Play Equities as Long as Fed ‘Drip’ Allows: Kashkari
As earnings season kicks off, Neel Kashkari, head of global equities at bond giant Pimco, is making the case for why corporate profits are going to prove “very strong.”
In short, it’s because corporate borrowing rates are low across the globe, and Kashkari uses the U.S. as a prime example.
"We think the Fed is going to keep the cost of capital low for corporations. And, I think if you look at Washington, the momentum, if anything, is to keep corporate taxes low," he said.
He doesn’t see this changing any time soon. Pimco’s Thursday equity report forecast that the Federal Reservewill continue its policy of monetary easing (keeping borrowing rates low) through the end of 2014.
“It could be even longer,” said Kashkari.
Interestingly, the basis for this forecast has more to do with how markets react to the Fed, than it does with the U.S. economy.
“Every time the Fed tries to back away from its massive easing policy, they take the risk markets react,” he said.
Kashkari uses an addiction analogy to illustrate his case: “It’s like a morphine drip; it makes the patient feel better, but it doesn’t cure underlying disease. The moment you try to take the morphine away, the patient wakes up in a lot of pain.”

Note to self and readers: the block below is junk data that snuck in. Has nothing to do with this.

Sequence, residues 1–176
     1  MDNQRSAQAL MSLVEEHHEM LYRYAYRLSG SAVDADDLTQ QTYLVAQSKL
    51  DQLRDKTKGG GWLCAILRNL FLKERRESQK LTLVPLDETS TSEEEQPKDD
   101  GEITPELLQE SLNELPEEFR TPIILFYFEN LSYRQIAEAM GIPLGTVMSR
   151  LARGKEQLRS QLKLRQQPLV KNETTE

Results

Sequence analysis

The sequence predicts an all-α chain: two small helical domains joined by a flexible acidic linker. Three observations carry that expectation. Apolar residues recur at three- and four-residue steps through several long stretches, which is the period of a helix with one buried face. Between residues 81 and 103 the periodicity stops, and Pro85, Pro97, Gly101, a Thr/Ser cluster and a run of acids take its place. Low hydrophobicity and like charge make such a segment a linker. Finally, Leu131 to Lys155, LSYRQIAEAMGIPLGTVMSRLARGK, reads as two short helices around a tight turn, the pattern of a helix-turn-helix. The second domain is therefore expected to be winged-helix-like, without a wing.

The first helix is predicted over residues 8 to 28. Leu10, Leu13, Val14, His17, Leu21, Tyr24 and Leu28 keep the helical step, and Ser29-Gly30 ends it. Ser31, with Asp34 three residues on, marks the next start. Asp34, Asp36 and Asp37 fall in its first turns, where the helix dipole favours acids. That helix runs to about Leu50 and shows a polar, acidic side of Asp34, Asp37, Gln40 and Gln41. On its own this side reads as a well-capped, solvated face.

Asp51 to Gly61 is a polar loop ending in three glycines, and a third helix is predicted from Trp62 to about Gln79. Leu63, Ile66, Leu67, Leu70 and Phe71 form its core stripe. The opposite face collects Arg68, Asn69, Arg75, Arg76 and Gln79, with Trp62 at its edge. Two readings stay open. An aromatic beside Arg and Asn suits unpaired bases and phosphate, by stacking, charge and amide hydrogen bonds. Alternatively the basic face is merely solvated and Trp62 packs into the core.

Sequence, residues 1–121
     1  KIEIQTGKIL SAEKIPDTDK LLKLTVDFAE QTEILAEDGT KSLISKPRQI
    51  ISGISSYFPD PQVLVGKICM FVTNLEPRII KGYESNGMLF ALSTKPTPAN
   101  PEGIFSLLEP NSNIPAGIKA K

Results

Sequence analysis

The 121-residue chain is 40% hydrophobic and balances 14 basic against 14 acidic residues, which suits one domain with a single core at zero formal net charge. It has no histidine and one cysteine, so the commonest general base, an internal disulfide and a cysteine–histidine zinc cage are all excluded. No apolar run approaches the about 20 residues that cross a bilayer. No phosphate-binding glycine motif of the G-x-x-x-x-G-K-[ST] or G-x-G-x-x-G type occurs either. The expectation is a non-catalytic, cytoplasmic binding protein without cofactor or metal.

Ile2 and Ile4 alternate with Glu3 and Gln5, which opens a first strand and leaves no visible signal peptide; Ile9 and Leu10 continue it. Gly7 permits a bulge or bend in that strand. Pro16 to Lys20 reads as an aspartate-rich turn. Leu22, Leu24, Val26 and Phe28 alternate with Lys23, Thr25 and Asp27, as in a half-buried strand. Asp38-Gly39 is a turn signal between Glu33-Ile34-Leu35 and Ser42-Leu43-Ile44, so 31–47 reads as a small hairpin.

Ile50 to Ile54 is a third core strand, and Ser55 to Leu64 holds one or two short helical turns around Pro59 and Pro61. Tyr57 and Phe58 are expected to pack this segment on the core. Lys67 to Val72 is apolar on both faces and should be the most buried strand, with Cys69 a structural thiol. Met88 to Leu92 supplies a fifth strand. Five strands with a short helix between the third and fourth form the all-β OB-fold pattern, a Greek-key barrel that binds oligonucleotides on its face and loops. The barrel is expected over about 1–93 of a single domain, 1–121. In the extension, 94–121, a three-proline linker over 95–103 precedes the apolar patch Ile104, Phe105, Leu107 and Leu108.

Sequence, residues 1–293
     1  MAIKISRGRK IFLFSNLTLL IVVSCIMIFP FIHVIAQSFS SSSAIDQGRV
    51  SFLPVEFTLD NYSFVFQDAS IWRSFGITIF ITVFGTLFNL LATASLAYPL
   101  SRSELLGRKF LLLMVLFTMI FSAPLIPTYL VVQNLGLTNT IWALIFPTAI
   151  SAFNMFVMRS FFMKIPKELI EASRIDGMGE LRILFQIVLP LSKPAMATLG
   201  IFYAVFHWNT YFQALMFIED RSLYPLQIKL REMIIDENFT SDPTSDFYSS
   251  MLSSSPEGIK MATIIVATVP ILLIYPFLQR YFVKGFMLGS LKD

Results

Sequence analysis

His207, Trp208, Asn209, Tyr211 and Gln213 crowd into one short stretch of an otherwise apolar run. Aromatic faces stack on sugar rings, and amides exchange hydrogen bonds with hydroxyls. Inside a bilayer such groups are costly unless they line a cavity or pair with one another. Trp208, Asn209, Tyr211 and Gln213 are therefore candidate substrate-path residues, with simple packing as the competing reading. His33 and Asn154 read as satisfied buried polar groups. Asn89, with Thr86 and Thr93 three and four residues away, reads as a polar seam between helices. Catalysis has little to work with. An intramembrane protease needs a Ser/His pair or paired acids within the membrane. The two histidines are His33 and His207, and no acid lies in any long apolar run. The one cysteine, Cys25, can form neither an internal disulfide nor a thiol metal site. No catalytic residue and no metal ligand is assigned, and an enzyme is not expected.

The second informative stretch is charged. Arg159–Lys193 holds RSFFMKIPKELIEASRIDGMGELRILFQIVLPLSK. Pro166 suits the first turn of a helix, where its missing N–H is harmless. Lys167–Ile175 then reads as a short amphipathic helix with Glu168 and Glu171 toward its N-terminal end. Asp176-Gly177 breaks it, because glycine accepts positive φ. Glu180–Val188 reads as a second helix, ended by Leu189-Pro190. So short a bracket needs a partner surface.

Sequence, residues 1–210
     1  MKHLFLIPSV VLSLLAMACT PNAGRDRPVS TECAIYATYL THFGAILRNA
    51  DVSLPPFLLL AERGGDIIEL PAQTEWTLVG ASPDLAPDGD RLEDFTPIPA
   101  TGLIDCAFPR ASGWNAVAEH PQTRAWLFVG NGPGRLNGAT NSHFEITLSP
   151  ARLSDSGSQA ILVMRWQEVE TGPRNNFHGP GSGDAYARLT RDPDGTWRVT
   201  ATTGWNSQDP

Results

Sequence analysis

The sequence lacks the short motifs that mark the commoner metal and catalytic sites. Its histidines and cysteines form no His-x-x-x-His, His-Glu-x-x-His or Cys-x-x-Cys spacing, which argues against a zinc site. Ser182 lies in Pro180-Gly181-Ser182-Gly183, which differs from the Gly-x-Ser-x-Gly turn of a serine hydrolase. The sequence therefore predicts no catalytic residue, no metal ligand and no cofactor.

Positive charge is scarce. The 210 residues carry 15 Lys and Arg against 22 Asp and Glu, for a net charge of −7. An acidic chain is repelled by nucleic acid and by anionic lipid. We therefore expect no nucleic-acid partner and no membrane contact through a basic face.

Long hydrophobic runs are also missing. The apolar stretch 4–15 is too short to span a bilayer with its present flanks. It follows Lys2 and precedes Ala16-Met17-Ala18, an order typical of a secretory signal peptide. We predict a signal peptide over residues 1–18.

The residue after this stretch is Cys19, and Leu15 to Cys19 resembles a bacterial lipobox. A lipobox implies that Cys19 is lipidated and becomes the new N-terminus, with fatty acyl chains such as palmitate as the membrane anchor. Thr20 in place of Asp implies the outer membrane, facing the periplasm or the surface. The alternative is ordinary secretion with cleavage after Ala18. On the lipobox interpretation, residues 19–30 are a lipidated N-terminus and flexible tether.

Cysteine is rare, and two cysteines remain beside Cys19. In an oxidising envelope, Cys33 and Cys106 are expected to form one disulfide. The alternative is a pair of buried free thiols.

This phenomenom, he says, is global, as central banks battle their own domestic debt woes — take Europe and the European Central Bank , for example. “The easy money is tool of choice for central banks around the world,” said Kashkari.
In this low-interest-rate world, corporate profits can stay strong, he said, and, naturally, Pimco is getting in on the action.
“We see many risks in Europe; from Greece, Portugal, and now Italy and Spain,” Kashkari said. “But we are finding names we like.”
Kashkari named Ensco as a top pick. “It’s one of the largest offshore drillers in world, trading at about 10 times our estimate of earnings. And it’s an example of a European company not directly at risk from European fragmentation, or Greek default.”
In the U.S., Kashkari likes Viewpoint Financial, a small Texas bank. “It’s tied to the strengthening Texas economy, and it’s trading at about 1.25 times tanglible book, when most of its peers are trading 1.7 times.”
Trading at a lower “tangible book” — a measure of what shareholders receive in the case of bankruptcy — is, in this case, another way of saying the company is less expensive that its competitors.
In both examples, Kashkari analyzes companies in the context of the ecomomic environment in which they operate. Said he: “We're finding names in equities globally.”
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Neel Kashkari does not personally own shares in Ensco or Viewpoint Financial. Pimco owns shares of both companies in its “Equity Mutual Funds.”
Follow Jennifer Leigh Parker on Twitter @jparker741 .